Too good to fail: What’s wrong with the electric grid?

July 6, 2012
By Elisa Wood July 5, 2012 The temperature is 100 degrees and we have no air conditioning, no running water, no telephone and no Internet. It’s been 60 hours since our household lost electricity because of the super derecho, a rare surprise storm that swept ten US states and the nation’s capital on June 29. About […]
By Elisa Wood
July 5, 2012

The temperature is 100 degrees and we have no air conditioning, no running water, no telephone and no Internet. It’s been 60 hours since our household lost electricity because of the super derecho, a rare surprise storm that swept ten US states and the nation’s capital on June 29.

About 5 million of us suddenly are living in conditions of a century earlier. And as we fumble in the dark, it’s easy to see how vulnerable our profound reliance on electricity makes us.

The notion of grid reliability is embedded deeply in the American psyche. We are so accustomed to electricity flowing, we can barely comprehend its absence. By habit, we still flip on the light switch when entering a room, even after the power has been out for hours.

We have good reason to trust. After all, behind the switch is the world’s largest machine, the North American power grid. With 211,000 miles of high-voltage transmission lines and 5,800 power plants feeding electricity to our homes and businesses, the grid is an engineering wonder.

A wonder – until a storm, or a heat wave, or even a squirrel chewing the right wire in the right place knocks out power to large swaths of customers.

It is the grid’s size and interconnectivity that makes it remarkable and efficient, but also susceptible to widespread mishap. We saw that most clearly in the Northeast Blackout of 2003, when a cascading event caused failures that tumbled quickly from neighborhood to neighborhood, state to state, finally leaving 50 million without power.

But the American consumer generally does not view a blackout as a sign of an inherent problem with our electric grid. Following the June 9 derecho, about 30,000 workers, some borrowed from utilities as far away as Texas and Oklahoma, went to work restoring power in the Mid-Atlantic and nearby states. Still, consumers will be angry at the length of time it takes. And if the acrimony is as great as it was in New England last year following the freak Halloween nor’easter, politicians will take up the cause, regulators will investigate and some utility executives may find their jobs threatened.

If our lights fail and aren’t fixed quickly, we believe someone must be to blame. The problem can’t possibly be the nature of the interconnected grid itself. In the consumer’s mind, electricity is like air; it’s just there for us. If it’s not, someone messed up.

The energy industry refers to this as electricity’s invisibility. In many ways it speaks to the product’s success. Who in America ponders whether or not to buy electricity? It’s a given that we will connect our homes to the grid, pay the monthly bill and the power will flow.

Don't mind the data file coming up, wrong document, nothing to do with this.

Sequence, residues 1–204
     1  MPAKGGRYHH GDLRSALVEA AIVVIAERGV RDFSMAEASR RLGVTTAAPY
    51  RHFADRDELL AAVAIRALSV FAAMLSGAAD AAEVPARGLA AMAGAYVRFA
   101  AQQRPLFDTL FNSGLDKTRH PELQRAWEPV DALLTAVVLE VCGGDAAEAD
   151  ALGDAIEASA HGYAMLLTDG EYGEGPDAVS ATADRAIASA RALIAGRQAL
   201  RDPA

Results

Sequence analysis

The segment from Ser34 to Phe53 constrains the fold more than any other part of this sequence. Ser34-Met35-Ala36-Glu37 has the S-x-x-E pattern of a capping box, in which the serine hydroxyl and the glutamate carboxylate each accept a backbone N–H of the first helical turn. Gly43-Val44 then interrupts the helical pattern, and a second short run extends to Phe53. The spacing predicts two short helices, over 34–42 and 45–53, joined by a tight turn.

But, this invisibility, this success, is a failing too.

Power companies throughout much of the nation are striving to make the grid less vulnerable by smartening it, and some of this smartening relies on consumer interaction, taking control over our electricity consumption through new digital technologies.  It includes installing smart meters and energy displays, building  microgrids and developing more solar energy and other forms of distributed generation, which decentralize the grid, and therefore takeaway at least some of the exposure that comes with size. (Think the Death Star in the movie Star Wars.).

Suddenly we need to pay attention to electricity, and we’d rather let it stay invisible.

So to make smart grid work, the energy industry needs to figure out what makes the consumer work. A great deal of study is now underway on human behavior and energy. The goal is to encourage us to embrace smart energy technologies, so that we will use electricity more efficiently. It’s been tough going. Most consumers see no underlying problem with the electric grid. If it’s not broke, why fix it?

I can’t say I like being without air conditioning and water. But maybe the occasional loss of comfort is a good thing, an eye opener, a reminder that we need to contemplate our electric system’s inherent weakness and work to strengthen it. The grid can break. It is not too good to fail.

Elisa Wood is a long-time energy writer whose work is available at RealEnergyWriters.com

About the Author

Elisa Wood | Editor-in-Chief

Elisa Wood is an award-winning writer and editor who specializes in the energy industry. She is chief editor and co-founder of Microgrid Knowledge and serves as co-host of the publication’s popular conference series. She also co-founded RealEnergyWriters.com, where she continues to lead a team of energy writers who produce content for energy companies and advocacy organizations.

She has been writing about energy for more than two decades and is published widely. Her work can be found in prominent energy business journals as well as mainstream publications. She has been quoted by NPR, the Wall Street Journal and other notable media outlets.

“For an especially readable voice in the industry, the most consistent interpreter across these years has been the energy journalist Elisa Wood, whose Microgrid Knowledge (and conference) has aggregated more stories better than any other feed of its time,” wrote Malcolm McCullough, in the book, Downtime on the Microgrid, published by MIT Press in 2020.

Twitter: @ElisaWood

LinkedIn: Elisa Wood

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